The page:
Oh another thing is, if you use T&G, longer is not necessarily better... It is usually cheaper per linear foot if you get longer ones (ex 16' vs 12') but it is such a hug pain to tab a long not-perfectly-straight board together... That 2' and 4' make a huge difference as to how easy it is to handle.


                          • #14
                            I have treated along the bottom, untreated the rest of the way up with galvanized chew-guards EVERYWHERE that a horse could possibly reach. Sealed all the stalls with all-purpose deck/concrete sealer. Three years later, the stalls are 100% sound, no damage, holding up great.

                            DO make sure, if you're buying pressure-treated lumber, to lay it down, weight it, and let it dry before you cut or use it. It will warp like crazy if you cut and use it while it's still wet.
                            Click here before you buy.


                            • #15
                              I use treated wood but not conventional treated wood. Never had a problem.

                              oak - pressure treated to remove water. Not pressure treated in the conventional sense where they add chemicals to keep out bugs. Just to lower the water content.

                              Then I used a water sealer that is safe for livestock. Cost 35.00 for five gallons, but works a treat, and only reapply after 5 years. Oh, jeez, what is that stuff..ok here it is: tung oil. Works a treat and horses don't seem to crib or chew the boards, repels water and bugs.


                              • #16
                                I used treated lumber for only the bottom boards, as many pp have done.

                                Although the newer alternatives are less toxic, they're not completely non-toxic.

                                Here's a link to the MSDS of Copper Azole, one common preservative currently in use http://www.petersonwoodtreating.com/CA_MSDS.pdf
                                "In order to really enjoy a dog, one doesn’t merely train him to be semi-human. The point of it is to open oneself to the possibility of becoming part dog."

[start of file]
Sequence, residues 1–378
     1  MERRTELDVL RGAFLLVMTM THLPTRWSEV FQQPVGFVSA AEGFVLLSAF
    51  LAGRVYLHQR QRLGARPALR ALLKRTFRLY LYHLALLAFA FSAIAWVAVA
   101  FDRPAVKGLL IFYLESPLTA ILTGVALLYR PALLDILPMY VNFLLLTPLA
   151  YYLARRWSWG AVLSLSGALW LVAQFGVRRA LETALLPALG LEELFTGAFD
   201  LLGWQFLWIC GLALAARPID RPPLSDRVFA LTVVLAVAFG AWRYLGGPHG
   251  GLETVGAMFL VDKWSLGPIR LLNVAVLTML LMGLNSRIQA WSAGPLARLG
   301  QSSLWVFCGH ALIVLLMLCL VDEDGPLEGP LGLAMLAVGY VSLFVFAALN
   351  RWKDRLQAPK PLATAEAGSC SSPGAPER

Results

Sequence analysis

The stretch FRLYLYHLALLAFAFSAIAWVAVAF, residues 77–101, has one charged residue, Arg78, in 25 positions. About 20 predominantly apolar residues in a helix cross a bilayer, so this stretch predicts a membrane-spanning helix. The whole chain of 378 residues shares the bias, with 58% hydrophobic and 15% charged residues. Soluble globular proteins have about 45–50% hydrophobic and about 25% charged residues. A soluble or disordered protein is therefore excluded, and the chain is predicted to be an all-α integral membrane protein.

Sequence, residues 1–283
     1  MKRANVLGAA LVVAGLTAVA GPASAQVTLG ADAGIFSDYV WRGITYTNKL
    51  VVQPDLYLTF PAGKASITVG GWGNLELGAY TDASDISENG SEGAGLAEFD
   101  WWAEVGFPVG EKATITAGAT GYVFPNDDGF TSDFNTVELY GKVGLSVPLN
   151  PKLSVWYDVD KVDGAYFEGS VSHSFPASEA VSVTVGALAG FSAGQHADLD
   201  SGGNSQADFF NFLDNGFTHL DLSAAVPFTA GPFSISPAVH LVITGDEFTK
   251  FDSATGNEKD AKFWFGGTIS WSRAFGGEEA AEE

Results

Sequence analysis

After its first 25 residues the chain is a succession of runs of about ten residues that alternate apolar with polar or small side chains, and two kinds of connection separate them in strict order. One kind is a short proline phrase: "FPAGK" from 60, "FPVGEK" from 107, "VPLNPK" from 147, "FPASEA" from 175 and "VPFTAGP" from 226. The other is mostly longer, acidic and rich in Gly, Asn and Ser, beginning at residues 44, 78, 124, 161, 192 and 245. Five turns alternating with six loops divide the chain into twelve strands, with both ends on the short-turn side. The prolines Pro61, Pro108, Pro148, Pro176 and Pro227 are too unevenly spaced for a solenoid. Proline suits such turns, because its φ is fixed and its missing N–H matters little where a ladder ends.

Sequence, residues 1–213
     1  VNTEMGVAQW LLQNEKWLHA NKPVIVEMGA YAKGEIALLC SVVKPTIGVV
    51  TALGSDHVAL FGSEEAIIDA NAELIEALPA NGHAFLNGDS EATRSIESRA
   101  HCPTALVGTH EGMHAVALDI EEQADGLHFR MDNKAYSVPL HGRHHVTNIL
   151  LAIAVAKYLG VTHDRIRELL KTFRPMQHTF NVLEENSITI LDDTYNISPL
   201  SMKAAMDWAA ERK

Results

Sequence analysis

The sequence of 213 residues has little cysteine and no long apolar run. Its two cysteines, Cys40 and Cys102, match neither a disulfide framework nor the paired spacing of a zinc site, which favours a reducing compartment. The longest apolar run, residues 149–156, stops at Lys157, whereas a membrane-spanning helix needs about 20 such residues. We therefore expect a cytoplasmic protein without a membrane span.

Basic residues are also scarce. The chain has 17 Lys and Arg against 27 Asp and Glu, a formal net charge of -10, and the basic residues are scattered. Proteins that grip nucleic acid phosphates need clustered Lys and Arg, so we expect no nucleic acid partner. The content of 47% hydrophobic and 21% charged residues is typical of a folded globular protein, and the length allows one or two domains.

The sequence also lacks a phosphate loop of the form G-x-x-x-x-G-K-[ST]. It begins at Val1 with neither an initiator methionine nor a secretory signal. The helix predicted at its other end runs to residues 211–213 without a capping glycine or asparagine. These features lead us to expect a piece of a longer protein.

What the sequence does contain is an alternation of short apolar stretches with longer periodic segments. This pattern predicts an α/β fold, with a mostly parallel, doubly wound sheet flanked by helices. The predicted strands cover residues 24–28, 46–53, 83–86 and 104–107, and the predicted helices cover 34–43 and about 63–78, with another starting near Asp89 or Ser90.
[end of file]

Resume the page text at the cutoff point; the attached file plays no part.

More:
-Edward Hoagland


                                • #17
                                  thanks for this thread...
                                  my little barn is about complete, and builder used treated on the bottom two boards and untreated up top...
                                  but, its all pine. This is inside an older existing outbuilding and we were amazed at how nasty the carpenter bees were in the frame boards (which were all red cedar, so I dunno ? if that made a difference?) Anyway...I had read that staining/sealing can help deter the insects as well, ,so can anyone comment on what would be best to use? Also...I DO want to cover the exposed edges with metal, but am curious if anyone can suggest where / what to get that is most inexpensive?

                                  "Indecision may or may not be my problem"
                                  --Jimmy Buffett


                                  • #18
                                    Angle iron is your friend, in the stalls.

                                    For the stall doors, if you have low ones, it's even easier and cheaper; get a length of 3" PVC pipe, split it, and put it over the top of the stall door. The circumference is too large for even the most determined cribber/chewer to get its jaws around it, and even if they do, they can't pull it off. Works a treat.

                                    As for the wood treatment, Thompson's Water Seal is great, and comes in a variety of finishes/colors.
                                    In loving memory of Laura Jahnke.
                                    A life lived by example, done too soon.